Gay Marriage Ballot Proposals Pass House Committees
Lawmakers on the House Consumer and Public Affairs Committee have approved a resolution that would let voters decide if same-sex marriage should be legal in New Mexico.
The 3 to 2 vote broke along party lines, with Democrats voting in favor, Republicans against the proposed constitutional amendment. It's one of several legislative measures aimed at defining marriage, and sponsor Brian Egolf - a Democrat from Santa Fe - says it's a no-brainer:
"There's no doubt in my mind that this will happen in New Mexico and this will happen across the country. I just hope that New Mexico is one of the first states to do it and not one of the last. We've seen it in New York and Maine and Minnesota and Washington, Iowa, New Hampshire. The sky's not falling in those states.
This isn't the first time the Legislature has taken up a bill legalizing same-sex marriage. In 2007 and '08 similar bills were defeated or saw no action. Also in 2008 a bill defining marriage as between a man and a woman died with no action - it had the same title as the current same-sex House Joint Resolution 3. This year second term Republican Representative Tim Lewis of Rio Rancho, who says he's heard from some of his constituents who are in favor of the measure, doesn't support it:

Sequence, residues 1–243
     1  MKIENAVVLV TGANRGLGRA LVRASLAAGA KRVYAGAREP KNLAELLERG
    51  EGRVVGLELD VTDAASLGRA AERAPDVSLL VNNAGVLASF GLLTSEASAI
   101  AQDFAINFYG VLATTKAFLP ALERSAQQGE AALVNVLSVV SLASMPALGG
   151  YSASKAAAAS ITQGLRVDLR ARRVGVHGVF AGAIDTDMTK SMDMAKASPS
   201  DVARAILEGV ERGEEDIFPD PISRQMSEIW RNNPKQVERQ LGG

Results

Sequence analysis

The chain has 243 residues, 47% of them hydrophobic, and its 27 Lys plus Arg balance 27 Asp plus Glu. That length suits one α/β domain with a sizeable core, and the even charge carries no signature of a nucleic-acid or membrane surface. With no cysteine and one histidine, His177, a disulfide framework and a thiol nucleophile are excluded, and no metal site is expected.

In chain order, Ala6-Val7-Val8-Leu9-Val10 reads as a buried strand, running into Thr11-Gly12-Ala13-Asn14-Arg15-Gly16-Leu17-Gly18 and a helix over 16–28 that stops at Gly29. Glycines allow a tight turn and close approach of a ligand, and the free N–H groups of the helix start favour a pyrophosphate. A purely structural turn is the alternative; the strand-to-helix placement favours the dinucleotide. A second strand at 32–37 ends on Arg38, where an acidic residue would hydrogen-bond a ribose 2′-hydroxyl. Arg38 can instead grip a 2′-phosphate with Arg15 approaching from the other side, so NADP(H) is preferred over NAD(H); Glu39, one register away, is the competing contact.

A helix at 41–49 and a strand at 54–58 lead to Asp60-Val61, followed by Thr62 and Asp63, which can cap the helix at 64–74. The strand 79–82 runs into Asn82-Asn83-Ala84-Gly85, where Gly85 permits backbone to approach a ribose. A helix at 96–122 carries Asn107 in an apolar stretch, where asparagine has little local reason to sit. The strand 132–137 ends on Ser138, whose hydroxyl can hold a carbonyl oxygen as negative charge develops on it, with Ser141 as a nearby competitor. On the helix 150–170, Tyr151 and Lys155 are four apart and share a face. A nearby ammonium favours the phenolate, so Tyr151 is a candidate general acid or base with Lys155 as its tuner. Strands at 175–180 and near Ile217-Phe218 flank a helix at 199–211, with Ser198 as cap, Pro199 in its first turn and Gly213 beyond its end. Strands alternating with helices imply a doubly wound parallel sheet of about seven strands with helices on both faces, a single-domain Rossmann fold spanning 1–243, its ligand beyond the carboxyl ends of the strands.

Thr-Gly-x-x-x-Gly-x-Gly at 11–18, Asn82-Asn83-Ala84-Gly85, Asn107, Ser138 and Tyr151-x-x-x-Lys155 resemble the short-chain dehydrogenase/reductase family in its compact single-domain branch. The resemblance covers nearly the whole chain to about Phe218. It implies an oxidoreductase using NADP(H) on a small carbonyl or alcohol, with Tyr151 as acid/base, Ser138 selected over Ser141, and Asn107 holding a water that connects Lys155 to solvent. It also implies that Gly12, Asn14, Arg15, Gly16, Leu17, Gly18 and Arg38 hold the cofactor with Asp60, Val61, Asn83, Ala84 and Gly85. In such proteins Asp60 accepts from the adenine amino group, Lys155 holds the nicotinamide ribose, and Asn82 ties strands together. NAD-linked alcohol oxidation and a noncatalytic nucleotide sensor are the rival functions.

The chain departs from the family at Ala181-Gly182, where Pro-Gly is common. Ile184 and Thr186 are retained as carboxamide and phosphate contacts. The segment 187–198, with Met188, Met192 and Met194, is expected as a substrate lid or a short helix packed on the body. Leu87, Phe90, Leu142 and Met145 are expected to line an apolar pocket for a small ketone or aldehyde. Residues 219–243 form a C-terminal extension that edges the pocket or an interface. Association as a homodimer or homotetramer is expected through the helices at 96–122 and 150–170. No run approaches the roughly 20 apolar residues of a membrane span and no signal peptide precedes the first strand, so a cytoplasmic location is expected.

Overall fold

"I believe those issues are very important; however, uh right now I believe our state needs to be focused on economic issues. People of all sexual orientations, whether gay, lesbian, transgender, they need jobs just as bad as anybody else, and so I think we need to be focusing primarily right now on getting jobs for all of the citizens of New Mexico."
Angela "Spence" Pacheco is serving her second term as northern New Mexico's district attorney. She says she'd get married to her partner of almost 32 years, Peg Tassett, immediately if the legislature passes and voters approve the constitutional amendment. They wouldn't wed just because of the spiritual and emotional aspects, she says, but because right now the couple's children, who will soon be 22 and 25 years old, have more legal rights than they do.
"Something happens to us, our son and our daughter can make decisions for us that we can't make for one another, and see, there's something fundamentally wrong with that."
Peg Tassett added:
"…and, you know, we're getting to a time in our lives when we're thinking about the end of our lives. When one of us passes before the other, we don't have that opportunity to say, okay, 'who has the higher social security or the higher this or the higher that?'"
The same-sex resolution will be heard next in the House Voters and Elections Committee. Another proposed constitutional amendment declaring marriage between one man and one woman is also making its way through the legislature.